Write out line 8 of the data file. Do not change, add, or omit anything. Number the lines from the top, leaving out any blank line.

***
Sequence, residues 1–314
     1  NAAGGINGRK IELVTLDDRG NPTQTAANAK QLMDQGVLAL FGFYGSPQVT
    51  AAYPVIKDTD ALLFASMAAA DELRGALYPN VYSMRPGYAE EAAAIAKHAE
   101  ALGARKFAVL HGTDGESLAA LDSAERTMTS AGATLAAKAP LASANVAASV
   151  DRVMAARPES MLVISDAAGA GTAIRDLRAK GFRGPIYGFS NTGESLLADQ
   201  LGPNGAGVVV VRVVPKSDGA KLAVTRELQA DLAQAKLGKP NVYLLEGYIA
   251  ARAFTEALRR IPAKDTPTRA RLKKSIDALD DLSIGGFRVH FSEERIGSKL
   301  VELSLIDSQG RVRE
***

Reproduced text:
   301  VELSLIDSQG RVRE